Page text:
Re: [R] trouble with wilcox.test

From: Prof Brian Ripley <ripley_at_stats.ox.ac.uk>
Date: Thu 18 Aug 2005 - 19:38:48 EST

If this is stack overflow (and I don't know that yet: when I tried this on Windows the traceback was clearly corrupt, referring to bratio), the issue is that it is impossible to catch such an error, and it is not even AFAIK portably possible to find the stack size limit (or even the current usage) to do some estimates. (The amount of RAM is not relevant.) On Unix-alikes the stack size limit can be controlled from the shell used to launch R so we don't have any a priori knowledge.

The underlying code could be rewritten not to use recursion, but that seems not worth the effort involved.

All I can see we can do it to put a warning in the help file.

On Thu, 18 Aug 2005, P Ehlers wrote:

>
> Prof Brian Ripley wrote:
>> On Wed, 17 Aug 2005, Greg Hather wrote:
>>
>>
>>> I'm having trouble with the wilcox.test command in R.
>>
>>
>> Are you sure it is not the concepts that are giving 'trouble'?
>> What real problem are you trying to solve here?
>>
>>
>>> To demonstrate the anomalous behavior of wilcox.test, consider
>>>
>>>
>>>> wilcox.test(c(1.5,5.5), c(1:10000), exact = F)$p.value
>>>
>>> [1] 0.01438390
>>>
>>>> wilcox.test(c(1.5,5.5), c(1:10000), exact = T)$p.value
>>>
>>> [1] 6.39808e-07 (this calculation takes noticeably longer).
>>>
>>>> wilcox.test(c(1.5,5.5), c(1:20000), exact = T)$p.value
>>>
>>> (R closes/crashes)
>>>
>>> I believe that wilcox.test(c(1.5,5.5), c(1:10000), exact = F)$p.value
>>> yields a bad result because of the normal approximation which R uses when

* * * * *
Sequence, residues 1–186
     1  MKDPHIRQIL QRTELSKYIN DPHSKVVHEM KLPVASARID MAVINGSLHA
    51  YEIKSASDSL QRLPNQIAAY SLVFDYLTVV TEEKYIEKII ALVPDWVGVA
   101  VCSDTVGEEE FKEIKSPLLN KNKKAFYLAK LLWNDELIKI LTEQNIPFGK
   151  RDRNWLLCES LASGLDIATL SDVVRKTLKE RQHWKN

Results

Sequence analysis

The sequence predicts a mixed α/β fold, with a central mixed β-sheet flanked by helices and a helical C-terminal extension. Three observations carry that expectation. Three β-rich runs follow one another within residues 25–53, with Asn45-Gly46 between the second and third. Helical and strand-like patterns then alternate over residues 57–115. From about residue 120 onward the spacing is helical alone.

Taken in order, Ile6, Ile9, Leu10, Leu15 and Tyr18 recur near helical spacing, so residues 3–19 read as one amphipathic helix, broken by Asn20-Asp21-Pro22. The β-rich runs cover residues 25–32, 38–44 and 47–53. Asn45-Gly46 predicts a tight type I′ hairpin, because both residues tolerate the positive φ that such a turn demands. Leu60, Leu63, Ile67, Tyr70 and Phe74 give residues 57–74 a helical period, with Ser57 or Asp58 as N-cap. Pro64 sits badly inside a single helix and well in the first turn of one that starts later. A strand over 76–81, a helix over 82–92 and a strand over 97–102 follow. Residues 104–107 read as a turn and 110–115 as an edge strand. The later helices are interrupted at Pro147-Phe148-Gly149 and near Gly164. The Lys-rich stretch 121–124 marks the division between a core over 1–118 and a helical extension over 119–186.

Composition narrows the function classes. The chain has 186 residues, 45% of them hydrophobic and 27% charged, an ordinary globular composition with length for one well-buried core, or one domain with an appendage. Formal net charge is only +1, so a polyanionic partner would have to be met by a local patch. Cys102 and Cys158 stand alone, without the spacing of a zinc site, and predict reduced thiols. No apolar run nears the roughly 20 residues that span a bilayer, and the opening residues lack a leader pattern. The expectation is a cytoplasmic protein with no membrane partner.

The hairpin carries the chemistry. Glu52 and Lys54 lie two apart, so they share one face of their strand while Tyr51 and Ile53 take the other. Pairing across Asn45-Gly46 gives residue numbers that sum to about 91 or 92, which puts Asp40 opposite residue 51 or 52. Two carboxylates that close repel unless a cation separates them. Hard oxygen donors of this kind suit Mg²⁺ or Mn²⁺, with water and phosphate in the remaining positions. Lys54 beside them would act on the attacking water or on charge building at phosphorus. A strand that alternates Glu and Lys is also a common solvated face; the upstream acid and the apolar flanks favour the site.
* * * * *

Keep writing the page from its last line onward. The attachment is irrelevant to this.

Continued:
>>> exact = F.
>>
>>
>> Expecting an approximation to be good in the tail for m=2 is pretty
>> unrealistic. But then so is believing the null hypothesis of a common
>> *continuous* distribution. Why worry about the distribution under a
>> hypothesis that is patently false?
>>
>> People often refer to this class of tests as `distribution-free', but they
>> are not. The Wilcoxon test is designed for power against shift
>> alternatives, but here there appears to be a very large difference in
>> spread. So
>>
>>
>>> wilcox.test(5000+c(1.5,5.5), c(1:10000), exact = T)$p.value
>>
>> [1] 0.9989005
>>
>> even though the two samples differ in important ways.
>>
>>
>>
>>> Any suggestions for how to compute wilcox.test(c(1.5,5.5), c(1:20000),
>>> exact = T)$p.value?
>>
>>
>> I get (current R 2.1.1 on Linux)
>>
>>
>>> wilcox.test(c(1.5,5.5), c(1:20000), exact = T)$p.value
>>
>> [1] 1.59976e-07
>>
>> and no crash. So the suggestion is to use a machine adequate to the task,
>> and that probably means an OS with adequate stack size.
>>
>>
>>> [[alternative HTML version deleted]]
>>
>>
>>> PLEASE do read the posting guide!
>>> http://www.R-project.org/posting-guide.html
>>
>>
>> Please do heed it. What version of R and what machine is this? And do
>> take note of the request about HTML mail.
>>
>
> One could also try wilcox.exact() in package exactRankTests (0.8-11)
> which also gives (with suitable patience)
>
> [1] 1.59976e-07
>
> even on my puny 256M Windows laptop.
>
> Still, it might be worthwhile adding a "don't do something this silly"
> error message to wilcox.test() rather than having it crash R. Low
> priority, IMHO.
>
> Windows XP SP2
> "R version 2.1.1, 2005-08-11"
>
> Peter Ehlers
>
>

-- 
Brian D. Ripley,                  ripley@stats.ox.ac.uk
Professor of Applied Statistics,  http://www.stats.ox.ac.uk/~ripley/
University of Oxford,             Tel:  +44 1865 272861 (self)
1 South Parks Road,                     +44 1865 272866 (PA)
Oxford OX1 3TG, UK                Fax:  +44 1865 272595

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Received on Thu Aug 18 19:43:28 2005

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